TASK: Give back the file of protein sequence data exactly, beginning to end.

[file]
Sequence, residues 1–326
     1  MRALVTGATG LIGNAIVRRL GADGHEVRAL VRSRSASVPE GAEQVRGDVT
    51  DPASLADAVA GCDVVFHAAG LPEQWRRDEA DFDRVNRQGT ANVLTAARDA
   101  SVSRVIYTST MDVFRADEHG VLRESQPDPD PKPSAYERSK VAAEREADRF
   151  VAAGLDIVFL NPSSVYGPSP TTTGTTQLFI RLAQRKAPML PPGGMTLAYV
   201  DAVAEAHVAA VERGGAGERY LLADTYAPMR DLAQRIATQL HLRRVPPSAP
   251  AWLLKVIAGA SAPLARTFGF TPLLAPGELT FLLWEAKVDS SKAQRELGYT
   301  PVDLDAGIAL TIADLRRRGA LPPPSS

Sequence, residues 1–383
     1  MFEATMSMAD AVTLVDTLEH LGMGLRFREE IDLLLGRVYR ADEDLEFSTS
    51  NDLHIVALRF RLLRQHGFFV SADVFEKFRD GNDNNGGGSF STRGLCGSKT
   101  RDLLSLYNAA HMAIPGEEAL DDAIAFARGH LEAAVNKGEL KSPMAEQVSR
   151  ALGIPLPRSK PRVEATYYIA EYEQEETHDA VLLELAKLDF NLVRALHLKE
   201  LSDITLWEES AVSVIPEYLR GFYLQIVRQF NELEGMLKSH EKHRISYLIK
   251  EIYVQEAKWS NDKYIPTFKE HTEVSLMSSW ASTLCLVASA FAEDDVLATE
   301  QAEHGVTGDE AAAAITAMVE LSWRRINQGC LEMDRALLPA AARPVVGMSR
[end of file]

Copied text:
Sequence, residues 1–326
     1  MRALVTGATG LIGNAIVRRL GADGHEVRAL VRSRSASVPE GAEQVRGDVT
    51  DPASLADAVA GCDVVFHAAG LPEQWRRDEA DFDRVNRQGT ANVLTAARDA
   101  SVSRVIYTST MDVFRADEHG VLRESQPDPD PKPSAYERSK VAAEREADRF
   151  VAAGLDIVFL NPSSVYGPSP TTTGTTQLFI RLAQRKAPML PPGGMTLAYV
   201  DAVAEAHVAA VERGGAGERY LLADTYAPMR DLAQRIATQL HLRRVPPSAP
   251  AWLLKVIAGA SAPLARTFGF TPLLAPGELT FLLWEAKVDS SKAQRELGYT
   301  PVDLDAGIAL TIADLRRRGA LPPPSS

Sequence, residues 1–383
     1  MFEATMSMAD AVTLVDTLEH LGMGLRFREE IDLLLGRVYR ADEDLEFSTS
    51  NDLHIVALRF RLLRQHGFFV SADVFEKFRD GNDNNGGGSF STRGLCGSKT
   101  RDLLSLYNAA HMAIPGEEAL DDAIAFARGH LEAAVNKGEL KSPMAEQVSR
   151  ALGIPLPRSK PRVEATYYIA EYEQEETHDA VLLELAKLDF NLVRALHLKE
   201  LSDITLWEES AVSVIPEYLR GFYLQIVRQF NELEGMLKSH EKHRISYLIK
   251  EIYVQEAKWS NDKYIPTFKE HTEVSLMSSW ASTLCLVASA FAEDDVLATE
   301  QAEHGVTGDE AAAAITAMVE LSWRRINQGC LEMDRALLPA AARPVVGMSR